What in the name of Neptune’s beard is that thing? A ghost? An alien? The ghost of an alien?
Such were the questions that vexed a team of deep-sea scientists aboard the Nautilus research vessel earlier this month, when their underwater recon robot encountered a limp, limbless creature hovering like a ghostly lantern over the Pacific seafloor. As the team watched, the bell-shaped blob suddenly transformed, ballooning into a long, translucent windsock with a mysterious red splotch stuck to its innards.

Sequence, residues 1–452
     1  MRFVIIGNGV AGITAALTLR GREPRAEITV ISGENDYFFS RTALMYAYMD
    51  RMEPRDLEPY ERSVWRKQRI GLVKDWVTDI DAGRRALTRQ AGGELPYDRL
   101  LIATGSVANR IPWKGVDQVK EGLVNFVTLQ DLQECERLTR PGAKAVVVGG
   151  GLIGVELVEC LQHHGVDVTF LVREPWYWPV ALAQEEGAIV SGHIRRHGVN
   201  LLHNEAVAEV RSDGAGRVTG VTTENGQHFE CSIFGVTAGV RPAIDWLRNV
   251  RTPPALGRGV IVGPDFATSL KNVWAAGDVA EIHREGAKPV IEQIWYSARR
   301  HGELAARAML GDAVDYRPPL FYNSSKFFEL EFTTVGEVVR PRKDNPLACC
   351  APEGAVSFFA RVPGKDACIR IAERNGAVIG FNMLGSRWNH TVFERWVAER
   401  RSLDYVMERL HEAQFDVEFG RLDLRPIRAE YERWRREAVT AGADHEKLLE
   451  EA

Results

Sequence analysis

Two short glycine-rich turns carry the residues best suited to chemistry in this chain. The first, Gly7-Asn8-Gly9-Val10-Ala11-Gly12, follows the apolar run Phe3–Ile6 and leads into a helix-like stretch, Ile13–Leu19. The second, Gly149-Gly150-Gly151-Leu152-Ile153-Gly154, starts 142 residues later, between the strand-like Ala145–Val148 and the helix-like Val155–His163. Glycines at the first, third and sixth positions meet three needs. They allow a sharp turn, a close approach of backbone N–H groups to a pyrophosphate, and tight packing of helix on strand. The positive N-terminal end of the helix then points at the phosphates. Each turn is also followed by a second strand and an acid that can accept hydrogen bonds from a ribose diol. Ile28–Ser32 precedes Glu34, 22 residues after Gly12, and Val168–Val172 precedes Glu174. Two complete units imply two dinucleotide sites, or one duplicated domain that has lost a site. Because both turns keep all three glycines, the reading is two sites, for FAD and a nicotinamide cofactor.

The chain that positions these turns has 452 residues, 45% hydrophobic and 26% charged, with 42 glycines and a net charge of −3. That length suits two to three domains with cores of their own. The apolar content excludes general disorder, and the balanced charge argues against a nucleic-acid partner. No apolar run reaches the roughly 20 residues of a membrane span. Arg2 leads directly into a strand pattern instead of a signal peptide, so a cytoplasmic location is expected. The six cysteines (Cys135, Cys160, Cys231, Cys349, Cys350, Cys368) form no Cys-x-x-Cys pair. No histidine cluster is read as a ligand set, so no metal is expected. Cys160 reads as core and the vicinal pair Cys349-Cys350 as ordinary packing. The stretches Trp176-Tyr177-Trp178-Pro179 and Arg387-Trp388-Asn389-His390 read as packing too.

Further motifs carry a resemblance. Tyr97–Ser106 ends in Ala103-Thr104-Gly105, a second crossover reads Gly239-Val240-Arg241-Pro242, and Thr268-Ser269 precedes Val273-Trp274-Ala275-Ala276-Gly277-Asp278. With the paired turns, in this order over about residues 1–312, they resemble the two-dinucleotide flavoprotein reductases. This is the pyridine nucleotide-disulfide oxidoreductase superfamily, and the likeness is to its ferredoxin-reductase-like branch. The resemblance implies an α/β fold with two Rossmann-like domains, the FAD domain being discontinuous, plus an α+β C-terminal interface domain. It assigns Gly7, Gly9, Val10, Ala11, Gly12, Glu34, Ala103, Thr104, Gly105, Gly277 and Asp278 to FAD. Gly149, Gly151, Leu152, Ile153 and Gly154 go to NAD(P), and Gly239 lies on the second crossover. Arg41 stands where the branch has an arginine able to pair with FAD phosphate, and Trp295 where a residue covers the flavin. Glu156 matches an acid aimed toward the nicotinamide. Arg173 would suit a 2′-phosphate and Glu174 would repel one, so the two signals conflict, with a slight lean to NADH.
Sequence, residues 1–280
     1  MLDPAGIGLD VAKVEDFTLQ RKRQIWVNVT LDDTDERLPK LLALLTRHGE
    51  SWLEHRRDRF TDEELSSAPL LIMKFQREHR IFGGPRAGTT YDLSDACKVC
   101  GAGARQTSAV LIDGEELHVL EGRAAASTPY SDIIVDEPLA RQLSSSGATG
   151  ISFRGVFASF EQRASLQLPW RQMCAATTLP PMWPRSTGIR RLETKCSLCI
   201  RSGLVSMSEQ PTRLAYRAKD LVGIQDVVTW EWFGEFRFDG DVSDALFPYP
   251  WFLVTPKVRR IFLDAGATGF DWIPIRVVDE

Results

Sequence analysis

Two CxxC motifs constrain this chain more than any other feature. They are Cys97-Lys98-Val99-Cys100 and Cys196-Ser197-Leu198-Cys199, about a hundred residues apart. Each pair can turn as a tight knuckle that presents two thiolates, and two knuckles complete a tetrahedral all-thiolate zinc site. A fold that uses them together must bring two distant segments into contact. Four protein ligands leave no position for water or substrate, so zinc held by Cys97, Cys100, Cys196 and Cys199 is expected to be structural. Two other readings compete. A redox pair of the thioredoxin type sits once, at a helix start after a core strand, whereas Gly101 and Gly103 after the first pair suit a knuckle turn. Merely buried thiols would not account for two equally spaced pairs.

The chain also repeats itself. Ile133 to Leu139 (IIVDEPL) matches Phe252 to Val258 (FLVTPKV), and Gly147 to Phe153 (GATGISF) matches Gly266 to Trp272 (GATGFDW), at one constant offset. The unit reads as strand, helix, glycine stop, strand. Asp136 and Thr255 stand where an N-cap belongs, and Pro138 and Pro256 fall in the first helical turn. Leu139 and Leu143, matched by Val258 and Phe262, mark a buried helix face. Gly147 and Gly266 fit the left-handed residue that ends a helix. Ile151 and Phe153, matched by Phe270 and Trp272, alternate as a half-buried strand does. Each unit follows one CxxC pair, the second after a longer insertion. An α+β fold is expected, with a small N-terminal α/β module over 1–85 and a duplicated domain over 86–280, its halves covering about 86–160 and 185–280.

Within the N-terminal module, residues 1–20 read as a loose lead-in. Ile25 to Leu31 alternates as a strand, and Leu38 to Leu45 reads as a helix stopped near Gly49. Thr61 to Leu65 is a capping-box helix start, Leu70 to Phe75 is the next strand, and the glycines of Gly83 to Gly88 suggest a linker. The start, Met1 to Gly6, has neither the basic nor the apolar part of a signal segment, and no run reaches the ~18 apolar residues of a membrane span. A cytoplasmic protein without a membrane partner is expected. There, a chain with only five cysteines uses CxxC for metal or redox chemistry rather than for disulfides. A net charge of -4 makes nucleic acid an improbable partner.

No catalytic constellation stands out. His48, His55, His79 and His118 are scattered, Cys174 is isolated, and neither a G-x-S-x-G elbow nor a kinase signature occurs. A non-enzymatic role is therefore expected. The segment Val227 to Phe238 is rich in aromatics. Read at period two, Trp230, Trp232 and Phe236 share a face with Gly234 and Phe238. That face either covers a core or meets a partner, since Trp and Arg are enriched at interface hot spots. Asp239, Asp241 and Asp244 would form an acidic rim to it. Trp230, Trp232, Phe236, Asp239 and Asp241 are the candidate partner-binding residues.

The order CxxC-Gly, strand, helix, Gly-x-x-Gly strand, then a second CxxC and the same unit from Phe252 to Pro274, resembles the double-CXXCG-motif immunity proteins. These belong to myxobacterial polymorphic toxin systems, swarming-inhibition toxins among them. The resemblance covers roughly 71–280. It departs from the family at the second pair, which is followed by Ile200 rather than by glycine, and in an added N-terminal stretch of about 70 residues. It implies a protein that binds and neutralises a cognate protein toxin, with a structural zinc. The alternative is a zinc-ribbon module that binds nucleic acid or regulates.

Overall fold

The blob, the researchers revealed in a recent video of the encounter, was no alien (it’s never aliens), but one of the rarest-seen and least-studied jellyfish in the sea.
It’s called Deepstaria (named for the research vessel that first discovered the genus in the 1960s), and has been seen only a dozen or so times in the last half-century. Researchers don’t know much about the armless, shapeshifting sack, but they do know it has a habit of expanding its body to engulf any prey trusting enough to swim nearby.